Jennifer Gilchrist, senior product development manager at Scottish Provident, explains the benefits of writing a life policy in trust.
Protection is predicted to be the biggest growth market over the next few months, according to a recent adviser survey. How then can advisers differentiate themselves from the rest of the market and make sure they have the competitive edge over their rivals?
One way is to talk to clients about the benefits of putting a life policy in trust. It is something that will not cost clients any money and will mean that, when they die, the right money will end up in the right hands at the right time.
Dealing with money issues after the death of a loved one will be extremely distressing. It certainly is not the time when someone will want to deal with complicated financial issues. But probate is a complex and time-consuming process and, for the average estate, can take up to 12 months to complete.
Why writing life policies in trust is beneficial to client and adviser
There are two main benefits of putting a life policy in trust.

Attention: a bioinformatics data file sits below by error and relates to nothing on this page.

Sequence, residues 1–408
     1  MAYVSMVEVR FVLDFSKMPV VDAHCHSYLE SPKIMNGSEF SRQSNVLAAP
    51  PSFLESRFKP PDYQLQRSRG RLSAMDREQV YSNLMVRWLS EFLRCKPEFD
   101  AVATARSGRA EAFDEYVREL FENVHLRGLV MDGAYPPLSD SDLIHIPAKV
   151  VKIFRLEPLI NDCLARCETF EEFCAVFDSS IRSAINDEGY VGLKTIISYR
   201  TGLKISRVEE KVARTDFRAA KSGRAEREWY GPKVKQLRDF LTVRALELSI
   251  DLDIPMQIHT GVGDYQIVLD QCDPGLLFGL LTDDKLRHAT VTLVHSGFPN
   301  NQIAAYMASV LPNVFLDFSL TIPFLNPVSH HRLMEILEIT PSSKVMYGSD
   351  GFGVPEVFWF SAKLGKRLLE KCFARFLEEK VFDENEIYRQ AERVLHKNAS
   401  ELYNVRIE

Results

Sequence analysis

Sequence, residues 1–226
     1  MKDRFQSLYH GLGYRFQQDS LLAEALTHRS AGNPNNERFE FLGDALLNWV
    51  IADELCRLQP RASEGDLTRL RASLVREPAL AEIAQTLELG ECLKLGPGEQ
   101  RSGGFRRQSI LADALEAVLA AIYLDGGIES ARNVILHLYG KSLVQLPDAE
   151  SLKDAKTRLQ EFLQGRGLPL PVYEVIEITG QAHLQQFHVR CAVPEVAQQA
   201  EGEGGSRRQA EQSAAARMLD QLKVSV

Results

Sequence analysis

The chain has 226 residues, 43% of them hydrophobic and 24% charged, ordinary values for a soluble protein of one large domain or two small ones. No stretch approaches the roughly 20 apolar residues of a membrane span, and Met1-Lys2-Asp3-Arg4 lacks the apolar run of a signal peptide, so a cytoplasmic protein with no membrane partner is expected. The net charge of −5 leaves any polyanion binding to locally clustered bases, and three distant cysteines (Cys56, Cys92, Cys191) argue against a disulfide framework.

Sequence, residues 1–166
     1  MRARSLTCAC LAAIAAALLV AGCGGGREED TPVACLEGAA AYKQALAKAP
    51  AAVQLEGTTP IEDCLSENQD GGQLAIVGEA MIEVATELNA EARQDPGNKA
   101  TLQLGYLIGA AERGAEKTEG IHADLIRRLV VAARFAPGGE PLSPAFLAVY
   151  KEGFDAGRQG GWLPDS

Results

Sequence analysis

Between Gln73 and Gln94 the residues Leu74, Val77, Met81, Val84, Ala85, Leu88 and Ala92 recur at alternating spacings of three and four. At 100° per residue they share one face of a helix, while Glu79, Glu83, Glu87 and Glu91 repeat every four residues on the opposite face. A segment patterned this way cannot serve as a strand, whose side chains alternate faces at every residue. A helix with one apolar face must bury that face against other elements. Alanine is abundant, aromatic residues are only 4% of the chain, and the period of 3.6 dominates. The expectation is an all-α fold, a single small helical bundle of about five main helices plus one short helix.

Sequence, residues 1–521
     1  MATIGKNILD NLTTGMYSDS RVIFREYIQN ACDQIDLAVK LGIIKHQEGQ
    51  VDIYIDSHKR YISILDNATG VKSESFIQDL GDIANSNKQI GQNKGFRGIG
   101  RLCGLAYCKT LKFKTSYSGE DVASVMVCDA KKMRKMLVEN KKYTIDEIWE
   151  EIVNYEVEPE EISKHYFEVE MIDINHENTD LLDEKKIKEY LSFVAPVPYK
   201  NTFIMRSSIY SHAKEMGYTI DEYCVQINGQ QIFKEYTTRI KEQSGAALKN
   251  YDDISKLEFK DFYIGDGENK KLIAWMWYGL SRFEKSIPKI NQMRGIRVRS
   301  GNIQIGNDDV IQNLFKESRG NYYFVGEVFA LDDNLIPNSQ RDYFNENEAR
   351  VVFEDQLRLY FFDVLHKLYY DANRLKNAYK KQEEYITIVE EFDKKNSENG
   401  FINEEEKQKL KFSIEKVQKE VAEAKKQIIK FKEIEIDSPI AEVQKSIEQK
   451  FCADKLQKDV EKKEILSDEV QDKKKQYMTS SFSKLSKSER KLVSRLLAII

Firstly, the provider will be able to pay a claim more quickly as they will just require a death certificate before paying out which means there is no wait for probate. If someone dies and their plan is not in trust, their representatives will have to obtain a grant of representation before they can deal with the policy.
Secondly, the policy may be free of inheritance tax (IHT). At the moment, IHT is payable at 40% on any part of an estate valued over £325,000 (2011/12). But a trust can be used to gift some or all of the benefits on the policy to other people.
The gifted benefits would no longer be part of your client’s estate if they die, which means those benefits would not be subject to inheritance tax. Without a trust in place, up to £4 in every £10 could end up in the taxman’s pocket rather than that of the people who need it most.
Writing a life policy in trust may seem like an obvious step to take but only around 6% of protection policies in the UK are written in trust. This low take-up may be dependent on several factors.
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